3. ^ Mamdani, Mahmood. "Good Muslim, Bad Muslim: America, the Cold War, and the Roots of Terror." Pantheon, 2004.
  4. ^ a b Mats Widgren, "Slaves: Inequality and sustainable agriculture in pre-colonial West Africa." In, Ecology and Power: Struggles over land and material resources in the past, present, and future. London: Routledge, 2012. pp. 97-107.
  5. ^ Les Peuls − Land of Faith and Liberty. (video)
  6. ^ a b David Robinson. The Holy War of Umar Tal: the Western Sudan in the mid-nineteenth century. Clarendon Press. Oxford University Press, 1985.
  7. ^ Africa Travel Magazine
  8. ^ Cia.gov. Retrieved 2015-08-15
  9. ^ Boiro, Ibrahima; Barry, A. Karim; & and Diallo, Amadou. (2003). "Guinée." Chap. 5. In Harold Brookfield, Helen Parsons & Muriel Brookfield (eds.). Agrodiversity: Learning from farmers across the world., pp. 110-133. Tokyo: United Nations University Press. Specific information cited from p. 116.
  10. ^ Harold Brookfield, Exploring Agrodiversity, Chapter 5. New York: Columbia UP, 2001. pp. 80-99; Véronique André-Lamat, Gilles Pestaña, and Georges Rossi. "Foreign Representations and Local Realities: Agropastoralism and Environmental Issues in the Fouta Djalon Tablelands, Republic of Guinea." Mountain Research and Development, Vol. 23, No 2, May 2003:149-155; Carole LAUGA-SALLENAVE, "Le clos et l'ouvert Terre et territoire au Fouta-Djalon." In, Bonnemaison Joël (ed.), Cambrézy Luc (ed.), Quinty Bourgeois Laurence (ed.). Le territoire, lien ou frontière? : identités, conflits ethniques, enjeux et recompositions territoriales. Paris: ORSTOM, 1997, 10 p. (Colloques et Séminaires); Carole LAUGA-SALLENAVE, Terre et territoire au Fouta-Djalon (Guinée), GRET - University Paris X, 1999.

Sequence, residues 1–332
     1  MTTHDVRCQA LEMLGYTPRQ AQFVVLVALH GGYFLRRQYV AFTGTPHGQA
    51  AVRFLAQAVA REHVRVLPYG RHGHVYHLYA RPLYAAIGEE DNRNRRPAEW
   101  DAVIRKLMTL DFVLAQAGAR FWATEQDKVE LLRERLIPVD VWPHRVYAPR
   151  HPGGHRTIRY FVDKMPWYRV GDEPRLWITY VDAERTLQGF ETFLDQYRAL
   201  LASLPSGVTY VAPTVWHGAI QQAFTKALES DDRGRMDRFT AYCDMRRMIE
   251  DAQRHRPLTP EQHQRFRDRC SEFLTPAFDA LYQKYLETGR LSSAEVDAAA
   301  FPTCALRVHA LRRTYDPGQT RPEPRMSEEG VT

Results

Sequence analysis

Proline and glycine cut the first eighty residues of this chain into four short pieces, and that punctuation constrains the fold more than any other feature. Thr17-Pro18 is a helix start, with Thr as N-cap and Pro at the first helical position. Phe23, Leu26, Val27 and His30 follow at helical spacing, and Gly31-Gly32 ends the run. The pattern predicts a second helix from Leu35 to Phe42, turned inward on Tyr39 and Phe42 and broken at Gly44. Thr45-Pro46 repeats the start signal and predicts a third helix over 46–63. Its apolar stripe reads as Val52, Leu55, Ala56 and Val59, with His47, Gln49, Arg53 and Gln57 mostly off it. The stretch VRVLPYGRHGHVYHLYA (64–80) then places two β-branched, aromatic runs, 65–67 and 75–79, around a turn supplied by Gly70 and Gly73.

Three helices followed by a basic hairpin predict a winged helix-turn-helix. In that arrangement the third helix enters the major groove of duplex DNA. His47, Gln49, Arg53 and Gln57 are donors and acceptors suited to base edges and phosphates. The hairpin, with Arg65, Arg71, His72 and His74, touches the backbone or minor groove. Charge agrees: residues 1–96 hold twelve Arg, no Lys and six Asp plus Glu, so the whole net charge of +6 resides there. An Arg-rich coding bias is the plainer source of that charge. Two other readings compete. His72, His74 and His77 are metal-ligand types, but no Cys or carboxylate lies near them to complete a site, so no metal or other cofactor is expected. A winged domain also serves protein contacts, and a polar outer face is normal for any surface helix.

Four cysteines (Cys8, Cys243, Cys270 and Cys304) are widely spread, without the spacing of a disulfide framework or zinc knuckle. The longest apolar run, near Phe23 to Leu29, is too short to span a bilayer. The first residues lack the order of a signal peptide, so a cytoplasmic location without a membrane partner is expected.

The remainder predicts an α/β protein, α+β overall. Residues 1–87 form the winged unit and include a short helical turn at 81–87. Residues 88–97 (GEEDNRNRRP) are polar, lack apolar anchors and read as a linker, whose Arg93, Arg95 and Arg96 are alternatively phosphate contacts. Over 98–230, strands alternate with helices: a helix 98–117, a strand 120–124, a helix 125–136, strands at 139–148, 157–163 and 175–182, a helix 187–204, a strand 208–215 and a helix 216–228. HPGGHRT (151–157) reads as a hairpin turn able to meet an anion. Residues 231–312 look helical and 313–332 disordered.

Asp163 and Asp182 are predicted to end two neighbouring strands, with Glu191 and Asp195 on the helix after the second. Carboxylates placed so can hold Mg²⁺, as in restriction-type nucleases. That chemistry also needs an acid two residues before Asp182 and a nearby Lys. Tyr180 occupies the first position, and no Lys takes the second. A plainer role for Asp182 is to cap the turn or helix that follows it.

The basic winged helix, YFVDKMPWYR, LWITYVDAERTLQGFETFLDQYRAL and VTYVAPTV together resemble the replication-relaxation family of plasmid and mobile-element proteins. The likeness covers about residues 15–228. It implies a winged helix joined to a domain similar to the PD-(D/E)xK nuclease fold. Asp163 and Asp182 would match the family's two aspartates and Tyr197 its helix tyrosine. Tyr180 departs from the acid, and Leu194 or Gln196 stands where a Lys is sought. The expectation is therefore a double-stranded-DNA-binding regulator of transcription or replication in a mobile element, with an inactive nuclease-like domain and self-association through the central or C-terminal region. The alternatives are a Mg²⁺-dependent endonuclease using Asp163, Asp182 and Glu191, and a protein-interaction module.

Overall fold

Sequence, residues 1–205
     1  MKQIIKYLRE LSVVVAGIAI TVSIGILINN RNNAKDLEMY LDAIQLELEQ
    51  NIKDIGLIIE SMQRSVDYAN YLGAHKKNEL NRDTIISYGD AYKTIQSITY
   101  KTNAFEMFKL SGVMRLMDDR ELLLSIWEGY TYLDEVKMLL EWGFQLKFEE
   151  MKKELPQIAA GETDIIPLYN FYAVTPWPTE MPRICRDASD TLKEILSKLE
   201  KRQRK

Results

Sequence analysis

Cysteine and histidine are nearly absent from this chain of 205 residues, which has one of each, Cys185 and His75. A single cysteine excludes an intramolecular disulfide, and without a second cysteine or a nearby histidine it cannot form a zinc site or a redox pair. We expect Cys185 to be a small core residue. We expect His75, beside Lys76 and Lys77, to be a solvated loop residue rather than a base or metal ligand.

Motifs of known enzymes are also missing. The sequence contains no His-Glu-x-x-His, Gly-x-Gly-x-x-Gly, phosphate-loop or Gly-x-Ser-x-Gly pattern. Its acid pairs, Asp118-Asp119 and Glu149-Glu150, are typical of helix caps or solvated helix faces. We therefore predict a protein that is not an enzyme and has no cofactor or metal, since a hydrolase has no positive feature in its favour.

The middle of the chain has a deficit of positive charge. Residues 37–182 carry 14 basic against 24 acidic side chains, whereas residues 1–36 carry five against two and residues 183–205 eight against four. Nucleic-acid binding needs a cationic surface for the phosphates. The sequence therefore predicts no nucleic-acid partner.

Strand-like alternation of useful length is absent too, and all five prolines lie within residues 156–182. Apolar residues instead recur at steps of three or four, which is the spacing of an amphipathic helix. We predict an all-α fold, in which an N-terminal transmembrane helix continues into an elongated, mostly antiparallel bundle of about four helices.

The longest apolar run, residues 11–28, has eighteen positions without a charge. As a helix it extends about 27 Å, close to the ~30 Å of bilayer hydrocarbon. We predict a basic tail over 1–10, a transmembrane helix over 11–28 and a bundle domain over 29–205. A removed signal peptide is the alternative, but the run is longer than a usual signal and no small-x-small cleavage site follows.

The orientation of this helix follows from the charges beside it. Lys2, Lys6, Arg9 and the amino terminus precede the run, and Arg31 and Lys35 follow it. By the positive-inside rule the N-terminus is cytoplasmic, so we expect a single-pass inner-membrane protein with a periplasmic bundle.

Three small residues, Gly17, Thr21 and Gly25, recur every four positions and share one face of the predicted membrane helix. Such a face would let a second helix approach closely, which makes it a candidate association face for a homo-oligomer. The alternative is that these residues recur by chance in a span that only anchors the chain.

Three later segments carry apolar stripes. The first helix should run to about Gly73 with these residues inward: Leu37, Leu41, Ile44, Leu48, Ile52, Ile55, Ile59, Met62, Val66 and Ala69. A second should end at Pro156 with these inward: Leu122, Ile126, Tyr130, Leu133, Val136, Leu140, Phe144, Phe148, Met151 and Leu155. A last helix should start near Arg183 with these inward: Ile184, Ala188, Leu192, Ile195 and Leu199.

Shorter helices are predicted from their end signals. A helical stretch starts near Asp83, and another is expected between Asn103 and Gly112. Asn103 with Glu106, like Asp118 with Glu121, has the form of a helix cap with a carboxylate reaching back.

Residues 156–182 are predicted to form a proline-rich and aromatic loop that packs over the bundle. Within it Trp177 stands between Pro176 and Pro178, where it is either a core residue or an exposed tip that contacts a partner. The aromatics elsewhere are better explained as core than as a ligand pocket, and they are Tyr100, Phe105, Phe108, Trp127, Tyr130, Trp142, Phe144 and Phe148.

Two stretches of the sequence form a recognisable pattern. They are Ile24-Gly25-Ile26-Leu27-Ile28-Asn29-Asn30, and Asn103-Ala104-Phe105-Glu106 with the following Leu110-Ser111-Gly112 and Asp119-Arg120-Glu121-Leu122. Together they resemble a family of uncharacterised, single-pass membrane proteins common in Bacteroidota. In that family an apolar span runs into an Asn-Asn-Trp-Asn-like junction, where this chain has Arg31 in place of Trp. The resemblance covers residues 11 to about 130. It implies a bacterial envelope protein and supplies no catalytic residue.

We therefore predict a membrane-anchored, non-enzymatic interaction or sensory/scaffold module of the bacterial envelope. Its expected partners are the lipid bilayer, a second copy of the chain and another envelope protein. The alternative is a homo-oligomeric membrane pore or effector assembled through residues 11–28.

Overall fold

11. ^ Globally Important Agricultural Heritage Systems (GIAHS); "Tapade Cultivation System, Guinea," Archived 2014-08-19 at the Wayback Machine A project of the United Nations Food & Agriculture Organization.


Further reading[edit]

  • De Sanderval, La conquête du Fouta-Djallon (Paris, 1899)
  • Dölter, Ueber die Capverden nach dem Rio Grande und Futa Dschallon (Leipzig, 1884)
  • Marchat, Les rivières du sud et le Fouta-Djallon (Paris, 1906)
  • Noirot, A travers le Fouta-Djallon et le Bamboue (Paris, 1885)

11°19′03″N 12°17′23″W / 11.31750°N 12.28972°W / 11.31750; -12.28972